Love is one of those curious words. Since its inception in the proto-indo-european roots amāyō, kāmi, and stergō its definition has remained relatively unchanged. The Oxford English Dictionary defines the word love as:
A feeling or disposition of deep affection or fondness for someone, typically arising from a recognition of attractive qualities, from natural affinity, or from sympathy and manifesting itself in concern for the other's welfare and pleasure in his or her presence (distinguished from sexual love at sense); great liking, strong emotional attachment; (similarly) a feeling or disposition of benevolent attachment experienced towards a group or category of people, and (by extension) towards one's country or another impersonal object of affection. With of, for, to, towards.
The development of the word love from its earliest form has led to several other words and definitions such as kami, a Japanese word for superior or lord. Love has also been developed from Old English as a law or treaty. Uses of the Old English version of the word date back as far as the early 8th century. However, from the definition provided by the OED, love is often referred to as an attractive bond between people. The Greek god Cupid, and later the Roman god Eros, was famous for making couples fall in love with each other after being shot. This classic idea of falling in love with a person is a huge part of our culture today as many musicians and pop icons talk about Love at first sight. The truth behind the word love and its use in today’s culture is that it has changed from what it used to mean. Love has always meant a strong affection towards someone or a group of people, and in earlier times having love or loving someone was a serious and respectable thing. For instance, in one of Shakespeare’s plays King John Shakespeare says “What good loue may I performe for you?” (OED) Love used to really mean something in earlier times; times of chivalry. In today’s modern culture the use of love has been overused and twisted to mean something else. Love nowadays has a very sexual context to it when used as the significance has been removed by the repetition of the newer context.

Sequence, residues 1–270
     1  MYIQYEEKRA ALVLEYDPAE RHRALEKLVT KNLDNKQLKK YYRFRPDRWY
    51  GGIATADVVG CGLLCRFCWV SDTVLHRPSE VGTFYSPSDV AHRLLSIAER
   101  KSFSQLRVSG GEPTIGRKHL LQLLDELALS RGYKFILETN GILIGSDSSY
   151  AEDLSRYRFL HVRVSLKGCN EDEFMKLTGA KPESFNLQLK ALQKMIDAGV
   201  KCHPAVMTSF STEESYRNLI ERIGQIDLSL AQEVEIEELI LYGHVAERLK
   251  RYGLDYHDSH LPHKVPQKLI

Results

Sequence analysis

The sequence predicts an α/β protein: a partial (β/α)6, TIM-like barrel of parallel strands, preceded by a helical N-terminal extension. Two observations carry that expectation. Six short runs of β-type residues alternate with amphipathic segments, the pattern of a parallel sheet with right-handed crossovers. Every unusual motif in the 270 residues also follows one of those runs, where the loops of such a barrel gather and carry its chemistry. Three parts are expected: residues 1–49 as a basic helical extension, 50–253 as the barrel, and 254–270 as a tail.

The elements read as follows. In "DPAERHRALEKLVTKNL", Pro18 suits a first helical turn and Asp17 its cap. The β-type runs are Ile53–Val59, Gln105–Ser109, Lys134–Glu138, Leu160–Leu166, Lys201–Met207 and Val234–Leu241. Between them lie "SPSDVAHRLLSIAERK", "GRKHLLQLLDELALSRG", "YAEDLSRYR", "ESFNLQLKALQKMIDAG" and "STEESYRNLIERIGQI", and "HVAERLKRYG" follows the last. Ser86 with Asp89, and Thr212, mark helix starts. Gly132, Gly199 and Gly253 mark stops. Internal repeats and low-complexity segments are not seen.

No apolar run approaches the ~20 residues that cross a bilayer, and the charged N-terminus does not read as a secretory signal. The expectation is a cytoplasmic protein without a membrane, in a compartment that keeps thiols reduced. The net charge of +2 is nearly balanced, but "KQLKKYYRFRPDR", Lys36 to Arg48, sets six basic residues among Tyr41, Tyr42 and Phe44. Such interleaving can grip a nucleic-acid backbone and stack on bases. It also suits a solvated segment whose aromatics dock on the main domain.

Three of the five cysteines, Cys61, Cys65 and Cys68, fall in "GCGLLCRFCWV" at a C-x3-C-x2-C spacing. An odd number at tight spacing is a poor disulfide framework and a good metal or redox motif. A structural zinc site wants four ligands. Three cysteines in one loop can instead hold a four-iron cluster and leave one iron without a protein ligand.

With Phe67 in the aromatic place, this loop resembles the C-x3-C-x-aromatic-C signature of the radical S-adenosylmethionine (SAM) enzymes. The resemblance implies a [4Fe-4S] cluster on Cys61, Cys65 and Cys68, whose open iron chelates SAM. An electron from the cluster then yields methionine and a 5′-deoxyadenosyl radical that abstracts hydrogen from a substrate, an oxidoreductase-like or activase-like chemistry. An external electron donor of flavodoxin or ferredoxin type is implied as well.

"love, n.1". OED Online. September 2012. Oxford University Press. http://www.oed.com/view/Entry/110566?rskey=kZ7oTd&result=1&isAdvanced=false (accessed November 21, 2012).